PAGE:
From The Founder: Election Promises and Our Growing Debt

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This month, I thought I would begin to share my thoughts on the upcoming election. No, I am going to predict who is going to win. I also won’t attempt to guess how bad the mud-slinging will get as the year progresses.

Instead, I will keep my ideas focused on you and your finances. Recently, I have seen some interesting figures related to our national debt, which got me thinking about debt and elections.

As you may know, our national debt has now crossed over the $34 trillion mark. This is an astounding number to me, as our debt only hit $10 trillion back in 2008 during the financial crisis.

One of the updates that got my attention was the Congressional Budget Office’s report that showed our federal government expects to spend $160 trillion between 2024 and 2040. The report estimated that during that time, our national debt would double. After releasing this report, the rating company even Fitch downgraded their U.S. credit rating.

I saw one writer call this situation a ‘slow-motion train wreck.’ I think that is a perfect description. The reason that politicians don’t have to do anything about the debt is because it harms us in a very slow way. It lulls Americans into believing everything will be fine…until it isn’t.

So, the useful question should be, how does this affect us, and what, if anything, should we do to plan or to protect ourselves and our loved ones?

From a planning perspective, I believe there are two things that we should consider. The first is not a new topic for us to cover, but I think providing you with a gentle reminder is beneficial. This year, as you listen to promises from politicians of all the wonderful things they plan to do for you, remember that those things have to be funded somehow. Every financial expert agrees that, at some point, taxes will need to go up due to our debt situation.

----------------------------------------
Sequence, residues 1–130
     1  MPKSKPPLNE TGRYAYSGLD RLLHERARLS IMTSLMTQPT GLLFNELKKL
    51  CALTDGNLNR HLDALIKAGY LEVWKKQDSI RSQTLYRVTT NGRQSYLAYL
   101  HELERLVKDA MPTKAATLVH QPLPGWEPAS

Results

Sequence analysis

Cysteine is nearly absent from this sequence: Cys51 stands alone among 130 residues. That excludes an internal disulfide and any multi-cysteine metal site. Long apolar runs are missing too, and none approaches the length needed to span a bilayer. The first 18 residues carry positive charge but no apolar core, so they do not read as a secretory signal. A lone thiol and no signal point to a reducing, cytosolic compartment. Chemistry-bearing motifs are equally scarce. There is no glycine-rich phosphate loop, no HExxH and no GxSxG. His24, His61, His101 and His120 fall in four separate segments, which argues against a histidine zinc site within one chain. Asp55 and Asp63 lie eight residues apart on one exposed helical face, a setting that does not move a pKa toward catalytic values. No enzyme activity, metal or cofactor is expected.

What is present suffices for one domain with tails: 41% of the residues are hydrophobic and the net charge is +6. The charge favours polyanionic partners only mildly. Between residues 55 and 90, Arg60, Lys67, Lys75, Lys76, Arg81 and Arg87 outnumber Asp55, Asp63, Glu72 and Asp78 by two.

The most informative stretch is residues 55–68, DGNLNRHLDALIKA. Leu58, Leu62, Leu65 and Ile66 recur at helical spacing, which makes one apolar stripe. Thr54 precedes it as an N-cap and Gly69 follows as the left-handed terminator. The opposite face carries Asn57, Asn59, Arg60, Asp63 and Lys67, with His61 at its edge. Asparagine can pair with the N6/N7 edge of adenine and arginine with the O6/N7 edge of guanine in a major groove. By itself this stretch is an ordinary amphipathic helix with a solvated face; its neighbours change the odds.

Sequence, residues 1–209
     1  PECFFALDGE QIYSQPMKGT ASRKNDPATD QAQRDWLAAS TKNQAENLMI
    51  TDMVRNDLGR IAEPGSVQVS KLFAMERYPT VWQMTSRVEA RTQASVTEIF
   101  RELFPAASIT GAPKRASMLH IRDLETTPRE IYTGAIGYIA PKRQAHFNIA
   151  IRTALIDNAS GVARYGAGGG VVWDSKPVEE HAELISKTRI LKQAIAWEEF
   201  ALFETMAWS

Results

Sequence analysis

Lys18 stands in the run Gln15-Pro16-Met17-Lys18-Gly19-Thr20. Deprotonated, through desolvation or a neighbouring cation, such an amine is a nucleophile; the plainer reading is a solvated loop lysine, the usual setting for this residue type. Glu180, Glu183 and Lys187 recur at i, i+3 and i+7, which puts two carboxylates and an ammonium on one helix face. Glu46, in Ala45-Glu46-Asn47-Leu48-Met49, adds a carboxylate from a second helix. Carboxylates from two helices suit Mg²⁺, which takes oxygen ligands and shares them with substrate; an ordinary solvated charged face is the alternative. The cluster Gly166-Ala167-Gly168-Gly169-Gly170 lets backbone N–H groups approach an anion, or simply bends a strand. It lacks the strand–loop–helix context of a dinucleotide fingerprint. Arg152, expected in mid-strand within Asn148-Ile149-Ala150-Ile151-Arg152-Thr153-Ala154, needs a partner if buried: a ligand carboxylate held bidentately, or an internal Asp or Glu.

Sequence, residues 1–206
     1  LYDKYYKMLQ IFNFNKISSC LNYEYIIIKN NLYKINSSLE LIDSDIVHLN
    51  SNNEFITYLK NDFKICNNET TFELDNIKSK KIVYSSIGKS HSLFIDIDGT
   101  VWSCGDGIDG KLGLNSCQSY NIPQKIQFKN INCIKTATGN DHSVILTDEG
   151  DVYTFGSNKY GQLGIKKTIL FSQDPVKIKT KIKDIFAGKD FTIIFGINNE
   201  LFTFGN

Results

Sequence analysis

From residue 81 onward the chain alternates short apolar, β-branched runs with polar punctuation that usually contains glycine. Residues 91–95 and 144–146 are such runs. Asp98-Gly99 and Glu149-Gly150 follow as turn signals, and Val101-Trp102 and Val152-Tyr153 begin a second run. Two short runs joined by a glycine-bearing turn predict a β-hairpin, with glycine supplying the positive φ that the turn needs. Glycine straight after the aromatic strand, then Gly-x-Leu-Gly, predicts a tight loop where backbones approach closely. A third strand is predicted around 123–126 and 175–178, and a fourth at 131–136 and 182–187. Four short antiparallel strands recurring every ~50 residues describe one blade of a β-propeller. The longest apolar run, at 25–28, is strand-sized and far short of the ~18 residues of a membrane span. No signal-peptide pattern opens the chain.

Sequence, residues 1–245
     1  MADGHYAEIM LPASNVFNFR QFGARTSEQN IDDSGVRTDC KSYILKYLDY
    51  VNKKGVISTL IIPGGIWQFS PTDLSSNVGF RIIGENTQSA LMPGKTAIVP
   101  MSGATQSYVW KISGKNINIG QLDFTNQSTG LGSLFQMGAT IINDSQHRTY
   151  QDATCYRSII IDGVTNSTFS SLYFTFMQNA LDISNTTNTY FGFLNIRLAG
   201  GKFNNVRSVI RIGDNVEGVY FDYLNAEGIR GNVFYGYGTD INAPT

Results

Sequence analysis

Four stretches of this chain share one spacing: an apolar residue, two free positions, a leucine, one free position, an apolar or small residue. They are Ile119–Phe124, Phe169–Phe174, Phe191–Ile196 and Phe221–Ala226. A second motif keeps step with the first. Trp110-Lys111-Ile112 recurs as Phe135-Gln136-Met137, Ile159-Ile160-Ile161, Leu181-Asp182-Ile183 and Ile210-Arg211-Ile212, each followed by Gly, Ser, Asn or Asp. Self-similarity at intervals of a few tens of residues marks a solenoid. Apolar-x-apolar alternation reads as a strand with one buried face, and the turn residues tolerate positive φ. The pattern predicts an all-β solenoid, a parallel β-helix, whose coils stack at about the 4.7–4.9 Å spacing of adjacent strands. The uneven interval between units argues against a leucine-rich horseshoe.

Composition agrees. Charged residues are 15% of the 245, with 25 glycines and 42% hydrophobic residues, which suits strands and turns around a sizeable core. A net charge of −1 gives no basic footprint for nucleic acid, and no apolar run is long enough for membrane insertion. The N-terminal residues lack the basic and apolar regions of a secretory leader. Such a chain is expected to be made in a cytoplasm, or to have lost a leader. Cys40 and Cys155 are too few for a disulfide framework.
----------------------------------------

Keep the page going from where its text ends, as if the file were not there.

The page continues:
If taxes will be higher in the future, the wise action is to review how your nest egg will be taxed. Our advisor team loves the three-bucket approach of best-selling author David McKnight. Let’s review how much you have in each of the three following buckets:
1. Taxable: these are accounts that are taxed every year, such as bank accounts or brokerage accounts
2. Tax-deferred: these are accounts that are not taxed until you take the money out, such as 401k’s or IRAs
3. Tax-free: these are accounts that will not be taxed in the future under current law, such as Roth IRAs and Roth 401k’s

Once we see how much you have in each of these areas, our advisor team believes now is the time to consider if we can shift anything from the first two buckets into that tax-free bucket. The truth is that no one knows when tax rates will go up or by how much. I feel that in the years down the road, we will all be very thankful for every penny we get shifted into the tax-free bucket.

The second item that I believe we should consider is how our national debt might affect interest rates this year. You see, as our national debt has been ballooning over the last decade or two, interest rates have been at all-time lows. This means the interest cost hasn’t hurt nearly as much as it could have.

But interest rates, of course, have gone way up over the last two years. So, how will that affect the amount we spend on interest? As you can see from this chart, almost 1/3 of all of our national debt will mature this year.

While no one can predict the future, this chart is one of the reasons I’m so confident that the Fed will begin lowering interest rates this year. If they don’t, our national interest costs will skyrocket. That would be terribly inconvenient when the campaigning politicians make all their promises.

Therefore, if interest rates decrease this year, it may be a good time to lock in rates on safer accounts such as CDs and annuities. Also, as I mentioned in my video last month, we think decreasing interest rates could be very good for investments in real estate. Also, if you’re sitting on lots of money in a money market making a great interest rate, be prepared for changes. Banks and money market funds may be slow to raise their interest rates, but you can be sure that those rates will drop in the blink of an eye!

Of course, an election year brings a lot of unknowns. As always, know that we will be here to help you make sure that your plan is working for you and your loved ones, and if you’re wondering if we need adjustments, get in touch with your advisor.

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